Grief hits you in waves. Sometimes you can forecast their arrival around significant dates or known triggers. Sometimes they sneak up on you for no apparent reason at all. Some cause ripples at your feet but the worst waves crash down hard, knocking the wind out of you, pulling you under the sea of grief. It feels like you’re sinking to the darkness below, weighed down with the heaviness of your heart.
Eventually the weight begins to lift. It could be within hours, overnight, in a few days, a week or sometimes much longer. It may lift on its own, with help from others who throw you a life vest in the form of a listening compassionate ear, or from your own self care efforts.
Over time the waves begin to come further apart, often don’t last as long and don’t leave as much wreckage. I thought I had learnt how to ride them, I thought I had learnt how to predict when they would come and could prepare myself for them.
Recently a huge wave swept over me. I realised that no matter how strong, prepared or experienced you are, you can still get knocked down. Every time I felt like I was coming up for air another wave crashed down hard swallowing me. Every morning I expected to wake up feeling the relief of a lighter heart but that sinking heaviness was still there. My lungs felt like they had filled with the water of all my tears that i had shed along with all those that I wanted to but couldn’t. There was no riding that wave. All I could do was make sure I didn’t drown.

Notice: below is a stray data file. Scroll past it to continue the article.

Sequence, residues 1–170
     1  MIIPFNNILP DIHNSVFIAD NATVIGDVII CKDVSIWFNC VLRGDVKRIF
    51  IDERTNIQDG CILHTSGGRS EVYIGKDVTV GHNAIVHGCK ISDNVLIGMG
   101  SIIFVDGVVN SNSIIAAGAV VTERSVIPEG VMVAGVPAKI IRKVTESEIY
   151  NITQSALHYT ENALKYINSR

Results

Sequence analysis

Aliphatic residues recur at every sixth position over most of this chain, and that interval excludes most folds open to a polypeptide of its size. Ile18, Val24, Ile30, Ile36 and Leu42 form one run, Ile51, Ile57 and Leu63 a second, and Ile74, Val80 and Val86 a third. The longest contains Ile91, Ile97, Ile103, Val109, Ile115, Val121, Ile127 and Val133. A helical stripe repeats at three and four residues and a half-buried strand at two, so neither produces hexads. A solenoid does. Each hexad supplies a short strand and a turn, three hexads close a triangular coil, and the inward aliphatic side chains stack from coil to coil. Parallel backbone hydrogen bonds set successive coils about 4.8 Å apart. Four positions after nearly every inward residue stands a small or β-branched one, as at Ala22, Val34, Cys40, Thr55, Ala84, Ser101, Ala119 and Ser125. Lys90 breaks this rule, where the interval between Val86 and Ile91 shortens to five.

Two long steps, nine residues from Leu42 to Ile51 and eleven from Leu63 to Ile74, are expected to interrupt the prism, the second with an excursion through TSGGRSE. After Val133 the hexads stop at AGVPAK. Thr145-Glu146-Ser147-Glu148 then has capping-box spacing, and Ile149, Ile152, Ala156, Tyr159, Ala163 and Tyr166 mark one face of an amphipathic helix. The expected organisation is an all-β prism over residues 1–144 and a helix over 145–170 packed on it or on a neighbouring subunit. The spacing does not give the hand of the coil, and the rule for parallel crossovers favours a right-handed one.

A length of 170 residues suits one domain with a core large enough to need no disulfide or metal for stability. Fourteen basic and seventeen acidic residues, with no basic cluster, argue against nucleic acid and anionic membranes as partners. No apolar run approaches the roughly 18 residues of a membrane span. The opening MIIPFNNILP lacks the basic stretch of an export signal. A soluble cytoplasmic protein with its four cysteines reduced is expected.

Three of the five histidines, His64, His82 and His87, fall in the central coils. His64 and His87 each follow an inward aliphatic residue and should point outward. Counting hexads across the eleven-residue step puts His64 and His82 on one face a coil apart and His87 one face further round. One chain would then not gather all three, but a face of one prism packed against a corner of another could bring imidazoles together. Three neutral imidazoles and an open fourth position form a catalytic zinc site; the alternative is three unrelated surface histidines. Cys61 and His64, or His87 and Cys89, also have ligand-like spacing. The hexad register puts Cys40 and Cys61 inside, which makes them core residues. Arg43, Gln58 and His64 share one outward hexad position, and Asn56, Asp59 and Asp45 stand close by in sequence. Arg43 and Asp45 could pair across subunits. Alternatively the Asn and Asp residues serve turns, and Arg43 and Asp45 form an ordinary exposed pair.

It’s hard to believe in the thick of it that the ferocity of the storm will ever calm. It’s hard to believe you’ll get through it. It’s even hard to remember what it’s like to not feel so damn awful. I had to keep reminding myself that I KNOW the waters will settle and leave gentle days and nights, I just don’t know when. I KNOW that I’ll get through it, just as I always have. I have to remind myself it’s not always like this because it’s easy to forget about all the great days you have in between when the bad ones are so overwhelming.
I went back to the basics i learnt at the start-
To take one day, one moment, one breath at a time.
To allow myself to cry and feel everything I really feel.
To say to a safe and understanding person all the things out loud that I’m holding inside and want to scream out to the universe.
To give my grief it’s space and acknowledgment because it has a right to exist in my heart just as love does.
I did so as I lowered my expectations from “thriving” which I try my hardest to do, to simply surviving. This isn’t an easy thing for me to do but it can be the kindest (and only) thing I can do while I wait out the storm.
So I wait and i hope.
While I hurt, grieve and love.
It won’t be the last wave to hit but I will survive the next one just as I have every other.